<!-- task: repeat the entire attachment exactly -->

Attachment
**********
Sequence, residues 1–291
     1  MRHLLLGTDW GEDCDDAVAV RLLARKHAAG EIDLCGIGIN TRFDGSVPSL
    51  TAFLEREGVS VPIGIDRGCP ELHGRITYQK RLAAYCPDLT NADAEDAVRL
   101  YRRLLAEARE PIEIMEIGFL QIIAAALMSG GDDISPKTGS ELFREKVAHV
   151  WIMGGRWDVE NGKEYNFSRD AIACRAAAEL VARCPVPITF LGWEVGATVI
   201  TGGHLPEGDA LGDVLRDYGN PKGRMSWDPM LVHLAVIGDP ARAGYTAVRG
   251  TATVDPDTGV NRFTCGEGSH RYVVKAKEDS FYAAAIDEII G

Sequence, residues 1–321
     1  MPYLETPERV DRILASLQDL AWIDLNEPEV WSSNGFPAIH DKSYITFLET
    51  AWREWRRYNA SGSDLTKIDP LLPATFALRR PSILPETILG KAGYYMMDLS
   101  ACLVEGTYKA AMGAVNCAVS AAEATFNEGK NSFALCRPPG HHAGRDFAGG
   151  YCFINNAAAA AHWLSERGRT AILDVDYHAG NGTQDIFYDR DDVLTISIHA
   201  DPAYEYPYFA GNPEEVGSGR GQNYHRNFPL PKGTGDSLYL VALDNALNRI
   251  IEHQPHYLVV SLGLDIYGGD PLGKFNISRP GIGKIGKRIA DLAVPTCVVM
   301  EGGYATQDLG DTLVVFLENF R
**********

Sequence, residues 1–291
     1  MRHLLLGTDW GEDCDDAVAV RLLARKHAAG EIDLCGIGIN TRFDGSVPSL
    51  TAFLEREGVS VPIGIDRGCP ELHGRITYQK RLAAYCPDLT NADAEDAVRL
   101  YRRLLAEARE PIEIMEIGFL QIIAAALMSG GDDISPKTGS ELFREKVAHV
   151  WIMGGRWDVE NGKEYNFSRD AIACRAAAEL VARCPVPITF LGWEVGATVI
   201  TGGHLPEGDA LGDVLRDYGN PKGRMSWDPM LVHLAVIGDP ARAGYTAVRG
   251  TATVDPDTGV NRFTCGEGSH RYVVKAKEDS FYAAAIDEII G

Sequence, residues 1–321
     1  MPYLETPERV DRILASLQDL AWIDLNEPEV WSSNGFPAIH DKSYITFLET
    51  AWREWRRYNA SGSDLTKIDP LLPATFALRR PSILPETILG KAGYYMMDLS
   101  ACLVEGTYKA AMGAVNCAVS AAEATFNEGK NSFALCRPPG HHAGRDFAGG
   151  YCFINNAAAA AHWLSERGRT AILDVDYHAG NGTQDIFYDR DDVLTISIHA
   201  DPAYEYPYFA GNPEEVGSGR GQNYHRNFPL PKGTGDSLYL VALDNALNRI
   251  IEHQPHYLVV SLGLDIYGGD PLGKFNISRP GIGKIGKRIA DLAVPTCVVM
   301  EGGYATQDLG DTLVVFLENF R